Between Christ and Machiavelli

Is the choice between Christ and Machiavelli,
or is the lesser of two evils an acceptable moral choice?

You Gotta Serve Somebody:
The Christian right’s Machiavellian morals

See the complete article by Dave Denison | The Baffler | http://bit.ly/2spI0EP

“under evangelical conservatism’s modern activist phase,
the precepts of honorable Christian living have intermingled with the raw imperatives of getting, holding, and exercising worldly power.”

“Donald Trump may have a host of right-wing Evangelical leaders willing to vouch for his chummy relationship with Jesus Christ, but that hasn’t stopped him from throwing his non-white Christian brethren under the bus. He’s certainly a pharaonic figure, but as Dave Denison notes, don’t expect the rest of the movement to turn on the Donald any time soon. After all, “under evangelical conservatism’s modern activist phase, the precepts of honorable Christian living have intermingled with the raw imperatives of getting, holding, and exercising worldly power.”

“No version of the kingdom of the world, however comparatively good it may be can protect its self-interests while loving its enemies, turning the other cheek, going the extra mile, or blessing those who persecute it. Yet loving our enemies and blessing those who persecute us is precisely what kingdom-of-God citizens are called to do. It’s what it means to be Christian. By definition, therefore, you can no more have a Christian worldly government than you can have a Christian petunia or aardvark. A nation may have noble ideals and be committed to just principles, but it’s not for this reason Christian.”

– Gregory Boyd, pastor of Woodland Hills Church in St. Paul, Minnesota. from Boyd’s 2005 book, The Myth of a Christian Nation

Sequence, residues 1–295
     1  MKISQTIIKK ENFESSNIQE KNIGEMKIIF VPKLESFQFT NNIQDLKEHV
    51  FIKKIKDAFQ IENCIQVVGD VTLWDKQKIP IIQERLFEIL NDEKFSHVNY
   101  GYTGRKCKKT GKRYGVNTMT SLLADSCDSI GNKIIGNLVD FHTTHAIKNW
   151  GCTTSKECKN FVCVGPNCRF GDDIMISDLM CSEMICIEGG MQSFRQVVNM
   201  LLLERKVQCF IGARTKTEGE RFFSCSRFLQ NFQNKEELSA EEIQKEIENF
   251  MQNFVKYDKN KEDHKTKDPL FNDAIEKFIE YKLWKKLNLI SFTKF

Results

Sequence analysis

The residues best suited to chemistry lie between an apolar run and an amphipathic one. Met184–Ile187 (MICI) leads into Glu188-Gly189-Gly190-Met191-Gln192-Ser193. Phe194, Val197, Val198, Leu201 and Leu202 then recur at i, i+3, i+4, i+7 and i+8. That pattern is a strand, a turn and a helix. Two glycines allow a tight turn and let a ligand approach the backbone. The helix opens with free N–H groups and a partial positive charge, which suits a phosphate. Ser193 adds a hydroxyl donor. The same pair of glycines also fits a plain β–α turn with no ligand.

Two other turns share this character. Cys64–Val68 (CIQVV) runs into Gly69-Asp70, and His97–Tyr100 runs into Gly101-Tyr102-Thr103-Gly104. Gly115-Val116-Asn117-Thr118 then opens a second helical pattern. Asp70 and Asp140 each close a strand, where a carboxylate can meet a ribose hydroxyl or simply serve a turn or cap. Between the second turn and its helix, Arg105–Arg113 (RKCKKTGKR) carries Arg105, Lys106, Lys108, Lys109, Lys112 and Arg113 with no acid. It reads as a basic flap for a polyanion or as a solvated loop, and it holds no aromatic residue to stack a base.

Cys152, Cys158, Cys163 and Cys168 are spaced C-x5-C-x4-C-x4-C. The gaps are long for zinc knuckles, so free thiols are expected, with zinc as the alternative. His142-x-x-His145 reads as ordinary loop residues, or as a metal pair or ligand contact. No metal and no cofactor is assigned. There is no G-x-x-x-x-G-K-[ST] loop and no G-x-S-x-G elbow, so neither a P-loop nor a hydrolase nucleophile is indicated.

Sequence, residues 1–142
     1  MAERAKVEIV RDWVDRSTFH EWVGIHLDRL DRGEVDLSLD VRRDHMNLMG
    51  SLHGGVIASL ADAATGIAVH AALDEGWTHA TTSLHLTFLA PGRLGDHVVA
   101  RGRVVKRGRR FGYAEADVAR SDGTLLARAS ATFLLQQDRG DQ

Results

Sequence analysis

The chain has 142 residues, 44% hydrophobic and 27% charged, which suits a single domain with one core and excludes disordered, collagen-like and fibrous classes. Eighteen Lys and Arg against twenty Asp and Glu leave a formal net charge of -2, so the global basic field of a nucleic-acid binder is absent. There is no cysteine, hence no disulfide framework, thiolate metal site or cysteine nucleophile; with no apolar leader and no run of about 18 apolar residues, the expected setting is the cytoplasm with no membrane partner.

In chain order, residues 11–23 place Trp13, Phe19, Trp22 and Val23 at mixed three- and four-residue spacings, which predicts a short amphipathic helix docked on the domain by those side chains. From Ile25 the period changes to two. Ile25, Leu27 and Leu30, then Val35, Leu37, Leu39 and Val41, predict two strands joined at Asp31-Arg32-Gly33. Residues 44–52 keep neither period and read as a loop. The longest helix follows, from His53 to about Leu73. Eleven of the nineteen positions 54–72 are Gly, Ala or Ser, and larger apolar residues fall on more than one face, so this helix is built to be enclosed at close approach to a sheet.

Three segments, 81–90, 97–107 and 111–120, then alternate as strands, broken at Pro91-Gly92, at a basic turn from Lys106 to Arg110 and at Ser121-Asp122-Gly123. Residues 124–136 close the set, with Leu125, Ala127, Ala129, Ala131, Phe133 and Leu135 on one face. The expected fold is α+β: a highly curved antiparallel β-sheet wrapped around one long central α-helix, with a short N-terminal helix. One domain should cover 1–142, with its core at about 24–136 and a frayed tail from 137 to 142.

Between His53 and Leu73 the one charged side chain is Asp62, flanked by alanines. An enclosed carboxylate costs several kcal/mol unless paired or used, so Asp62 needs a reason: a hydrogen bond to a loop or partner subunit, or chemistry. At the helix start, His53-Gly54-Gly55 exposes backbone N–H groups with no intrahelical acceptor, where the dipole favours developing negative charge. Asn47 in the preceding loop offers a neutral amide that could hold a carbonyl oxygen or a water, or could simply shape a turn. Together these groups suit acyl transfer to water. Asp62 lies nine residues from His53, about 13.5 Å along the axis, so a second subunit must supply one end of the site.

“Machiavelli would shake his head sadly to see that Boyd was not won over by The Prince, but he would also no doubt agree wholeheartedly with Boyd’s point: that those who take New Testament teachings literally are in no position to lead the political march for nationalistic glory. All of which leaves the leaders of today’s Christian right unable to justify their nationalism in anything other than Machiavellian terms. Perhaps they might regain some desperately needed critical detachment by revisiting the testimony of Frank Schaeffer, the liberal son of Francis Schaeffer, the great movement theorist whose eighties preachments against the secular ethos roused the modern religious right into being. As his father neared the end of his life, the young Schaeffer recounts, he grew disenchanted with the evangelical insurgency’s cynical leadership; Focus on the Family impresario James Dobson and his fellow Christian right leaders, in the elder Schaeffer’s view, were “idiots” and “plastic” figureheads who only worshiped power. And sure enough, come 2016, Dobson was championing Trump as a recent evangelical convert—calling him a “baby Christian,” in point of fact. Somewhere, one can only assume, Old Nick is smiling broadly over his progeny.”

Advertisements

Leave a Reply

Fill in your details below or click an icon to log in:

WordPress.com Logo

You are commenting using your WordPress.com account. Log Out / Change )

Twitter picture

You are commenting using your Twitter account. Log Out / Change )

Facebook photo

You are commenting using your Facebook account. Log Out / Change )

Google+ photo

You are commenting using your Google+ account. Log Out / Change )

Connecting to %s